ICSA Ireland, the Irish Cattle and Sheep Farmers Association, president elect Patrick Kent has told AgriLand that Agriculture Minister Simon Coveney must act decisively to ensure the ongoing sustainability of family farms in Ireland.

“No doubt the minister is fully aware that 2014 has been designated the ‘International Year of Family Farming’. And nowhere in Europe does this term have more resonance than here in Ireland,” he added.

“And the first thing that he could do in this regard is ensure that the next Rural Development Programme is adequately funded. The reality is that schemes such as REPS have been tremendously influential in improving the vitality of our rural areas. And it goes without saying that all of this work must be built on during the period ahead. But this will require an adequate level of funding. ”

Continuing on the theme of sustainability, Kent stressed that Irish consumers must be made more aware of the tremendous quality, which is such a hallmark of locally produced food.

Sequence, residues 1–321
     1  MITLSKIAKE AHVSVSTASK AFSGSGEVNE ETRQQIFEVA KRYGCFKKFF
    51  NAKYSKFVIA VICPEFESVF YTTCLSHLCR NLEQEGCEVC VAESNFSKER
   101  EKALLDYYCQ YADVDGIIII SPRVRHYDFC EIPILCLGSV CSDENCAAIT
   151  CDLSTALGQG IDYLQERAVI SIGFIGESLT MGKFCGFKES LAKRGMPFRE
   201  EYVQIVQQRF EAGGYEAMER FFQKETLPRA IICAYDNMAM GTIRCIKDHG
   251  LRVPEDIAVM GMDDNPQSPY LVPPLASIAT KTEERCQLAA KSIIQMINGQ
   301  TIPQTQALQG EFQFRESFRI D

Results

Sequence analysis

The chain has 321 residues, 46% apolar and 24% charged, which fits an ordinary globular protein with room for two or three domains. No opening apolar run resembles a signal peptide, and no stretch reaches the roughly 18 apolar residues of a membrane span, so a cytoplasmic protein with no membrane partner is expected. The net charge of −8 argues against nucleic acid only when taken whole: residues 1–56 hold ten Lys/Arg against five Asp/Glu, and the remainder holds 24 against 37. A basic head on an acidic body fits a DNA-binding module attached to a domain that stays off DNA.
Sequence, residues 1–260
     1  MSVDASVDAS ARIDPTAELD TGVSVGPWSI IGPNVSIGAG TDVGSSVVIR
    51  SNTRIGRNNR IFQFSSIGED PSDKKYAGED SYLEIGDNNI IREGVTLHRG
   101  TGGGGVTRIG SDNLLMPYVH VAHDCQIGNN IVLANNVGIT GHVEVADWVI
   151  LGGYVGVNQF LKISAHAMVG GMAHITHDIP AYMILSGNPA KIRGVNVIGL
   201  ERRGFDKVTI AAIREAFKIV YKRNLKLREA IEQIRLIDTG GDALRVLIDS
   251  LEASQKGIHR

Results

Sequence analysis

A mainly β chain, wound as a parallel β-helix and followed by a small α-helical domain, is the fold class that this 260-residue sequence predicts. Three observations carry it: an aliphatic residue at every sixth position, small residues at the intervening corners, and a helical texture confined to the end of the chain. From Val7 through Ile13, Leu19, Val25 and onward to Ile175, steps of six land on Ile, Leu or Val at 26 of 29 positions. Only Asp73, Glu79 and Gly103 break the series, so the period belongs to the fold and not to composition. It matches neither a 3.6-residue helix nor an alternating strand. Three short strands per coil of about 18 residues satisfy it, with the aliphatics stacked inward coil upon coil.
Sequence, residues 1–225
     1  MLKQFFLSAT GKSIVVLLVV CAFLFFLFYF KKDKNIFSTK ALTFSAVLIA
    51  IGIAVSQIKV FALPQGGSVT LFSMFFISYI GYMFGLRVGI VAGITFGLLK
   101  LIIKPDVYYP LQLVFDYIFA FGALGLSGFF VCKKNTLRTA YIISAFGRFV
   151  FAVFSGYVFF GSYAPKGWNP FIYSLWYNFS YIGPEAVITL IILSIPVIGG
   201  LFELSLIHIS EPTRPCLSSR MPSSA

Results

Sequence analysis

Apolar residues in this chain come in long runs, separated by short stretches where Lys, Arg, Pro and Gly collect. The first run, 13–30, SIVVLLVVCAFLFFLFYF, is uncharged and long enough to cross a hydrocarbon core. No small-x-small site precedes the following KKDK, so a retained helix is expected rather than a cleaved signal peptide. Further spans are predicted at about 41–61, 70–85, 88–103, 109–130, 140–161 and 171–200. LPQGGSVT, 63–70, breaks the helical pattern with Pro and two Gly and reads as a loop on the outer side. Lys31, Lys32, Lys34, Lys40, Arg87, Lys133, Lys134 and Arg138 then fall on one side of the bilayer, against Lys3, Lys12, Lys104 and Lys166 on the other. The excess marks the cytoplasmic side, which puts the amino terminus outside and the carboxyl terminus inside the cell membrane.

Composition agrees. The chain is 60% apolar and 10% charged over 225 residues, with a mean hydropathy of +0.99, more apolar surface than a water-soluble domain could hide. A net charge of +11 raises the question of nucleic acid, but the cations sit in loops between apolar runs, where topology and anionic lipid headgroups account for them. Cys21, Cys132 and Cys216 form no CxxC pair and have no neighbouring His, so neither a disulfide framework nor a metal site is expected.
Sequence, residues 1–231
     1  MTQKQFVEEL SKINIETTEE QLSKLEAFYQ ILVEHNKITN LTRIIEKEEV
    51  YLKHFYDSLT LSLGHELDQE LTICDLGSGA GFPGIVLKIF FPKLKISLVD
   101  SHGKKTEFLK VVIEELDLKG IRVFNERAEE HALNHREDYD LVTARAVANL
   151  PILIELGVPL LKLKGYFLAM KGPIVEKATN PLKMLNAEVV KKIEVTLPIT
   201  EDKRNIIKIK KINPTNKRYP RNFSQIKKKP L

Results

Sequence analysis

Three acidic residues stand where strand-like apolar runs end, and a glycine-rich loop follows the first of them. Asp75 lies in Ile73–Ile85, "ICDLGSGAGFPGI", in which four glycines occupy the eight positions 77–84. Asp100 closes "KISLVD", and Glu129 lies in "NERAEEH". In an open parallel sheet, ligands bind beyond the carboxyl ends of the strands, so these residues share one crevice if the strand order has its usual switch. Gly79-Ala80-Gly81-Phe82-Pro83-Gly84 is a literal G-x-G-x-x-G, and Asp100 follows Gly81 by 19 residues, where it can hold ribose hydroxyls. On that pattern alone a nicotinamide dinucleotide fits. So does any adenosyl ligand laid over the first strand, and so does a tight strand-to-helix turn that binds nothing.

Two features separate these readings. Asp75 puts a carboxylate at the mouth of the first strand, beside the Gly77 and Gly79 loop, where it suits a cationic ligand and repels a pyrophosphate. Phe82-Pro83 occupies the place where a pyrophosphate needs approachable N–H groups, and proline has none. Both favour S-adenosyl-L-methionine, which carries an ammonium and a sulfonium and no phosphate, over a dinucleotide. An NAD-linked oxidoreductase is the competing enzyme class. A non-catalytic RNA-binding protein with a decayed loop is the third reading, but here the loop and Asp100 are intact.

“There is far too much junk food being sold in our shops,” he further explained.

“All of this can be quite easily replaced by home grown produce. Irish beef and lamb, produced from grazed grass, are truly elite products which must be recognised as such beyond the farm gate.

“Part of the problem up to now is that home grown food has not been promoted effectively. And this must be changed.”

The ICSA representative also pointed out that local consumers should be prepared to pay more for locally produced food.

“Ten years ago 27 per cent of an average household income was dedicated to weekly food purchases,” he stressed.

“Today the equivalent figure is just 17 per cent. During this same period, however, the quality of locally produced beef and lamb has improved significantly.”

Kent is firmly of the view that Irish family farm businesses should not get caught up in a rat race, vying with each other to see who can produce the largest level of output.

“Quality is the name of the game,” he continued.

“Local farmers can invest in improved management systems which will allow them significantly improve the value of the produce they are bringing to market. And to achieve this, they must think beyond the meat plant and think pro-actively about the needs of consumers.

“But the bottom line in all of this is that farmers must be paid accordingly. The days of cheap food are over.”